Determined to find the cause of a state of things so mysterious and so shocking, I kept on until I arrived at the East Room, which I entered. There I met with a sickening surprise. Before me was a catafalque, on which rested a corpse wrapped in funeral vestments. Around it were stationed soldiers who were acting as guards; and there was a throng of people, gazing mournfully upon the corpse, whose face was covered, others weeping pitifully. ‘Who is dead in the White House?’ I demanded of one of the soldiers, ‘The President,’ was his answer; ‘he was killed by an assassin.’ Then came a loud burst of grief from the crowd, which woke me from my dream. I slept no more that night; and although it was only a dream, I have been strangely disturbed by it ever since.
The following day Abraham Lincoln was assassinated.
He never did find the peace that continues to haunt the White House. What did he mean by appearing to the Queen of Holland? No doubt he wished justice to be rendered to him, as he had tried to suggest to all those to whom he had appeared.
“For your majesty is not the first to have seen it,” the Roosevelts explained to Queen Wilhelmina. In our time and long before, countless are the inhabitants of the White House, from presidents to simple servants who have sworn to have seen it or sensed its presence.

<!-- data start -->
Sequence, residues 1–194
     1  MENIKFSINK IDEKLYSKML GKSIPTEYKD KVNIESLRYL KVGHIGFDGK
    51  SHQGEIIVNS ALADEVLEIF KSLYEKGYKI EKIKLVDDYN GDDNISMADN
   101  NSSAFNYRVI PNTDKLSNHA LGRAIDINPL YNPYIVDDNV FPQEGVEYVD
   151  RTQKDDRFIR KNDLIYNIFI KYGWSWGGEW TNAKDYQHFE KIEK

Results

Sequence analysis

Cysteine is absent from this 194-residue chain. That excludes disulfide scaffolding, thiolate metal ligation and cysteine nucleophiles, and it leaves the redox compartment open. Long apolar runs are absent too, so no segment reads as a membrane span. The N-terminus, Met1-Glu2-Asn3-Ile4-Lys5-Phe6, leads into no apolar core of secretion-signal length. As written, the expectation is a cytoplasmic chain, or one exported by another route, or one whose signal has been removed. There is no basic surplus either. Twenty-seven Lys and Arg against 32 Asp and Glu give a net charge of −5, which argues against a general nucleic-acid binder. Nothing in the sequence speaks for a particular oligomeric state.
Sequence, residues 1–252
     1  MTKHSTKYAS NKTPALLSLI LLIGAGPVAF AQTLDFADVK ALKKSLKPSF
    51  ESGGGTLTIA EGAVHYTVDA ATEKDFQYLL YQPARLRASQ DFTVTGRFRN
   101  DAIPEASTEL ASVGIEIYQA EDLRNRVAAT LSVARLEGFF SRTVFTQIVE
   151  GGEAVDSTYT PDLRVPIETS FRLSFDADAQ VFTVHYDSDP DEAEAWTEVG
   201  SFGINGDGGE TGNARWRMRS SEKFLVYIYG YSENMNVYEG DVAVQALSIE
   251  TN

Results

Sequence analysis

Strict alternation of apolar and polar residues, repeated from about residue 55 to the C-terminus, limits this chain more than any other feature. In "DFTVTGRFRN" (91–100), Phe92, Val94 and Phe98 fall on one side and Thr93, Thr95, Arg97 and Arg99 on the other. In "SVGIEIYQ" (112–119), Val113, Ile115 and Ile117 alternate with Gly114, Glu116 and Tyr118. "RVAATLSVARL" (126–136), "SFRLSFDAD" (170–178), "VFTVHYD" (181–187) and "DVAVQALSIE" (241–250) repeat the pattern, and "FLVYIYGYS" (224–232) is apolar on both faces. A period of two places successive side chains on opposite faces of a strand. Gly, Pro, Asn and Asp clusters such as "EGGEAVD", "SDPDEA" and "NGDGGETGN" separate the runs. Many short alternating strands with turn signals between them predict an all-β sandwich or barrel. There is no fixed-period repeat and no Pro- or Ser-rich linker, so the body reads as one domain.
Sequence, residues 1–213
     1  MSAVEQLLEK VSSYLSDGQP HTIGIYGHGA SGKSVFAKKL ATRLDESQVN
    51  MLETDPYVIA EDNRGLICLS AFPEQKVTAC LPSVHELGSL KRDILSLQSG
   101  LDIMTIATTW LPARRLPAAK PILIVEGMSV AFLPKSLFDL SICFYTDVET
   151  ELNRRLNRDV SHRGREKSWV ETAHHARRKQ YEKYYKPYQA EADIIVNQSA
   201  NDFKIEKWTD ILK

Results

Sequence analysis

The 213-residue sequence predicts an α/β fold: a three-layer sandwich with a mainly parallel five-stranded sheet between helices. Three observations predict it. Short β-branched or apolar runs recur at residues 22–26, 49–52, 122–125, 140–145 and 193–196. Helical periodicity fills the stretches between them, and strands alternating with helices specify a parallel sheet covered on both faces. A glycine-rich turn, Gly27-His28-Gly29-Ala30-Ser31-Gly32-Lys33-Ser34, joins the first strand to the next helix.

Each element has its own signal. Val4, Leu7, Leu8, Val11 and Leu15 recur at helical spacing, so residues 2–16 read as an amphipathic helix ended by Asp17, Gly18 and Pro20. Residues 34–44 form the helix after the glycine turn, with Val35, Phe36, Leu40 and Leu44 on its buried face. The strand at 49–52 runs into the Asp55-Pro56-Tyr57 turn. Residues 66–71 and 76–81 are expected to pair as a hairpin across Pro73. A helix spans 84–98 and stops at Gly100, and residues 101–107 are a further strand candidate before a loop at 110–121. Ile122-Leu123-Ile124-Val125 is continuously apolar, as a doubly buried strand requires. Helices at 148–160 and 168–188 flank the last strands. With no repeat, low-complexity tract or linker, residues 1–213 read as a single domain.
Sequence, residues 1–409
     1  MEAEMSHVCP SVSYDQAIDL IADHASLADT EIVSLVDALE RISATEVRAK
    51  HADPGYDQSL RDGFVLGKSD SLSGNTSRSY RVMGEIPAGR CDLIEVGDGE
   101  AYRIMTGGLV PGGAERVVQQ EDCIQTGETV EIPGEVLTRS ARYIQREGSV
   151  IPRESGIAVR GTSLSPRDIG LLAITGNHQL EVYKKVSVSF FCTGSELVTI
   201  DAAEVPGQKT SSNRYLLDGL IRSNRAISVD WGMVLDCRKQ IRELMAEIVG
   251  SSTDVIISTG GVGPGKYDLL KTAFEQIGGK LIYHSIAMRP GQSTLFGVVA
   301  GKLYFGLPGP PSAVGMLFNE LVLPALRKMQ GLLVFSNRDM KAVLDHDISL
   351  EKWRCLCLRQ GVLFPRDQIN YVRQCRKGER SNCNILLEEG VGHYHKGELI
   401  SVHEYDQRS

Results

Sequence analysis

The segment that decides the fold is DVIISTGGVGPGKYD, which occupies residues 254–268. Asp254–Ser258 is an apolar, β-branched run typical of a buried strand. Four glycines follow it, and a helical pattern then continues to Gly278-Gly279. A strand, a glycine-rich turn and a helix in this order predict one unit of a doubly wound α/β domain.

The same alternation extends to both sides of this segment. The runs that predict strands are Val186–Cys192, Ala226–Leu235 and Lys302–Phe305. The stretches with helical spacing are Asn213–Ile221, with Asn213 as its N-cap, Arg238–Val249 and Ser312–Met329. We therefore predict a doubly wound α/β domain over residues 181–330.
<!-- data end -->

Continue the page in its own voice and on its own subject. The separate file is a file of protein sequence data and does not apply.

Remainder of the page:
“As for myself,” Eleanor added, “I have seen it several times. Just a few days ago, my maid Mary rushed into my room, bursting with excitement: “He is sitting on the edge of the bed.” “He is taking off his boots”.
“But who is removing his boots?” I asked him.
“Mr. Lincoln,” Mary replied.
“Do you believe in ghosts, Mr. President?”, asked Wilhelmina.
– There are so many things in this world that we do not understand … I must confess that on several occasions, when I was alone, not in the Rose Room where your Majesty lives, but in the Blue Room, I felt his presence very strongly.
However, it is not the inhabitants of the White House but the people of the small town of Rivertown who were most convinced of the existence of the ghost of Abraham Lincoln. Rivertown is a tiny city in Illinois, the last before Springfield where Lincoln had been the deputy and where he had long resided with his family. The year is of no importance, it’s the date that counts.
Between April 14th and 15th, everyone remains awake until late. In the evening, the people of Rivertown, whatever the weather, come out of their homes and walk silently along the rail line from Washington to Springfield. It was not the noise that alerts them, for in truth there is no great noise to report, it was the abundant smoke that pours out of the locomotive; a very old machine, completely out of date, a museum piece … Slowly the convoy runs past them. Men doff their hats, women curtsy. The last wagon is a simple flat shelf on which stands a coffin covered with the American flag. Neither the locomotive nor the wheels of the wagons give off the slightest sound. The convoy passes, it only has a few kilometres to roll before reaching Springfield, and yet it never arrives because the ghost train that brings back the President’s coffin to Springfield every year has no final destination.